Tackling the 3 Most Common Questions We Receive

Lauren Smith |
These are my answers to three of the most common questions we hear.

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At Green Financial Group, we work with a lot of retirees, and we tend to get three common questions from almost everyone we work with:

1. “Can I afford to retire?” We run feasibility studies for our clients to answer the question of affordability when it comes to retirement. If you can’t afford to retire, then don’t retire; it’s not about how much money you have but rather the demand you’re putting on the money you have. Someone with $1 million can retire just as well as someone with $500,000 or $10 million. All that matters is the amount of cash flow and the level of strain they’re putting on their portfolio.

Of course, the amount you start with will determine what your income will be, but a good rule of thumb is 4%. If you retired with $1 million and had a 4% cash flow, you’d get about $40,000 a year.

2. “When do I take social security?” It differs for everyone; there’s no set solution. However, every so-called social security expert I’ve spoken to has said to wait until the maximum benefit age. The issue is that those experts look at social security in a vacuum. Suppose you were going to get $30,000 a year in social security; if you waited until the maximum benefit age to get that money, where will the money come from before that? It’ll come from your portfolio. So by pulling that money out, you’re killing the goose that lays the golden eggs.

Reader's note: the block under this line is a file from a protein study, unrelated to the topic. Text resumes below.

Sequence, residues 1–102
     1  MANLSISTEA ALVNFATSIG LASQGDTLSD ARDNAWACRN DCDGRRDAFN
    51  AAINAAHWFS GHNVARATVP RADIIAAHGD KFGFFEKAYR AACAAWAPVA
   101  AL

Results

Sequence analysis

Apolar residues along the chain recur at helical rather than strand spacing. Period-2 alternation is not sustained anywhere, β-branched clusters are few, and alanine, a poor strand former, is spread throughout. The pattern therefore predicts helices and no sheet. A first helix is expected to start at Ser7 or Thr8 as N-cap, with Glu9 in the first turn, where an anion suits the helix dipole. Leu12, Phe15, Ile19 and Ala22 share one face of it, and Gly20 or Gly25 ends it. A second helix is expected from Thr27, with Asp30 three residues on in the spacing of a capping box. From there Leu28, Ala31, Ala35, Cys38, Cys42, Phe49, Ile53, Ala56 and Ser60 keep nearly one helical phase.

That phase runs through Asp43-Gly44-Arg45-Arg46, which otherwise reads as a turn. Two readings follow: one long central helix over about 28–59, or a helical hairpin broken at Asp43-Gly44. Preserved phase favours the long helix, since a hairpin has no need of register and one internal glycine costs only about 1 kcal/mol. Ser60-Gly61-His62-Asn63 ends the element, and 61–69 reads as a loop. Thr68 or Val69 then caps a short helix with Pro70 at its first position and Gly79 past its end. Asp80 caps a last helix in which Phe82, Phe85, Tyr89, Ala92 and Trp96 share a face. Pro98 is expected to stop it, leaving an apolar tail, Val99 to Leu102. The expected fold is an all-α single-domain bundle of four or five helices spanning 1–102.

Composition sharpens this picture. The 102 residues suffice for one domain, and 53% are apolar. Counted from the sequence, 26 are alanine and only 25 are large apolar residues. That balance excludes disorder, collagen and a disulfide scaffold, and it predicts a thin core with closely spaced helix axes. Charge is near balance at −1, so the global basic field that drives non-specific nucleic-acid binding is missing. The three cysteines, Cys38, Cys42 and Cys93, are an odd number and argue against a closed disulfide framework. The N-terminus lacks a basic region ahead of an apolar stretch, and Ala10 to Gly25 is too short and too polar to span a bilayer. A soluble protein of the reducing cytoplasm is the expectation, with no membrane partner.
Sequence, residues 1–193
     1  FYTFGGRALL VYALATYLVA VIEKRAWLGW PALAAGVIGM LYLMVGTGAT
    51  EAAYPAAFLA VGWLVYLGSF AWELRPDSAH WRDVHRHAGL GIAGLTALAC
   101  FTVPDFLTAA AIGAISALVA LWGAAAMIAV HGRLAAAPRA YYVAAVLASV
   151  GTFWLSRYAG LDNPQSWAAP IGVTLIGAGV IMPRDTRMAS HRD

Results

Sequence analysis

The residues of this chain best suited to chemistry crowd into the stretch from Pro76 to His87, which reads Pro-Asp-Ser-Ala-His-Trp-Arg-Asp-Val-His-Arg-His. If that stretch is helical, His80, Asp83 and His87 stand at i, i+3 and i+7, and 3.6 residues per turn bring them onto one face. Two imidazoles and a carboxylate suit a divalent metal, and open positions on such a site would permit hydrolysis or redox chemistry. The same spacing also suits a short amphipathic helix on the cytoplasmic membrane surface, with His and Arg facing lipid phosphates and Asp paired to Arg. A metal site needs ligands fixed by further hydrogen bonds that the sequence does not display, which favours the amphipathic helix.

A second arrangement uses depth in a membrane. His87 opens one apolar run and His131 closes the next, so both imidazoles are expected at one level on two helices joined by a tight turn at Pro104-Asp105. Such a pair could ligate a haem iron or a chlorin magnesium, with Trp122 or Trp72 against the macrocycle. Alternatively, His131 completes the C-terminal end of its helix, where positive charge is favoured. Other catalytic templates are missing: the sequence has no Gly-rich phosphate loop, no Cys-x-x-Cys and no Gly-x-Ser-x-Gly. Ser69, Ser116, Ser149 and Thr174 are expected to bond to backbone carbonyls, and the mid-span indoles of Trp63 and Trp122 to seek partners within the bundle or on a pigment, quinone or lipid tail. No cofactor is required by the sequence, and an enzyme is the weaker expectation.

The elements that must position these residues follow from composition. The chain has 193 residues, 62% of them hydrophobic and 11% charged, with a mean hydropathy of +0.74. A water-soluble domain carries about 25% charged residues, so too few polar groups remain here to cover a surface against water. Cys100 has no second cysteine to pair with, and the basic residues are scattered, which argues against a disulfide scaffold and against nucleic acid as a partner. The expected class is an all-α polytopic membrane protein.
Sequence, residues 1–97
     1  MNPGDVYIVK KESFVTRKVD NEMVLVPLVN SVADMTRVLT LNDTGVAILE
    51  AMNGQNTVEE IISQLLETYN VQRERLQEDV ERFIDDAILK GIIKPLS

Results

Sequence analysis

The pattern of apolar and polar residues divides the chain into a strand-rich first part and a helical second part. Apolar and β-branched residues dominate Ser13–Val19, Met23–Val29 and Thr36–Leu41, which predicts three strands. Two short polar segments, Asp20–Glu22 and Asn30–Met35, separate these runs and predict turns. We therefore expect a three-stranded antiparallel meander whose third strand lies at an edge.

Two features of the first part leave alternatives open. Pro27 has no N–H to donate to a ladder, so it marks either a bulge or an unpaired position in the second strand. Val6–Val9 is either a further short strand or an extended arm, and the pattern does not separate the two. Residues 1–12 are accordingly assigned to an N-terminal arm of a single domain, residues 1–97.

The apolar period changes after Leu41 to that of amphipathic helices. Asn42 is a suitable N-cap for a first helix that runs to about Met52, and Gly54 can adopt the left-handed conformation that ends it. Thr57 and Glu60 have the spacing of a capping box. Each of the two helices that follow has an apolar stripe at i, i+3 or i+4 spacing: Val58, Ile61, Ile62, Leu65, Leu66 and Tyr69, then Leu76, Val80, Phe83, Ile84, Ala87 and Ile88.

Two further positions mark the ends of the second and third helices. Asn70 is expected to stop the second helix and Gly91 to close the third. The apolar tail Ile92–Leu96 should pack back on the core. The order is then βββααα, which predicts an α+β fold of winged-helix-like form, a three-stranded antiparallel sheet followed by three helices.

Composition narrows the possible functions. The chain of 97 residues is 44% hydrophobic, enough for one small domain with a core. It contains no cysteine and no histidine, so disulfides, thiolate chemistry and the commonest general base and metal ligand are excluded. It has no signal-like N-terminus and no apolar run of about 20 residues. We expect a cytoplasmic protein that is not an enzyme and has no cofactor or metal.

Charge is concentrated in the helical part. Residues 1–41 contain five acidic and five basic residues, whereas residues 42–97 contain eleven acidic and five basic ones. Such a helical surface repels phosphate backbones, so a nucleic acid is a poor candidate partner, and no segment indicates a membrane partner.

Now, does that mean you should take it earlier? I don’t know, as there are a lot of factors that go into determining the best time to take social security. I recommend that you speak with a financial advisor who will do some analysis to help figure out your best move.

3. “Do I pay off the house?” Right now, mortgage rates are at all-time lows. Let’s say you have a 2.5% rate for your mortgage and $100,000 left to pay off the house. Do you think you’d make more than 2.5% on that $100,000 in the market? If you think you can, you’re better off investing the $100,000 to earn more than 2.5%.

Of course, there are no guarantees. You also need to address where the $100,000 is coming from. If it comes from outside of a qualified plan, that’s great! If it comes from inside an IRA, that money is taxable, so you’re losing the potential tax-deferred growth of the money that was sitting in your IRA to pay off a mortgage. Some debts are good; you can still write off some mortgage interest on your houses and taxes.

"By pulling your social security out, you’re killing
the goose that lays the golden eggs."

If you have any questions about today’s topic, don’t hesitate to reach out to us. We’d be happy to speak with you.

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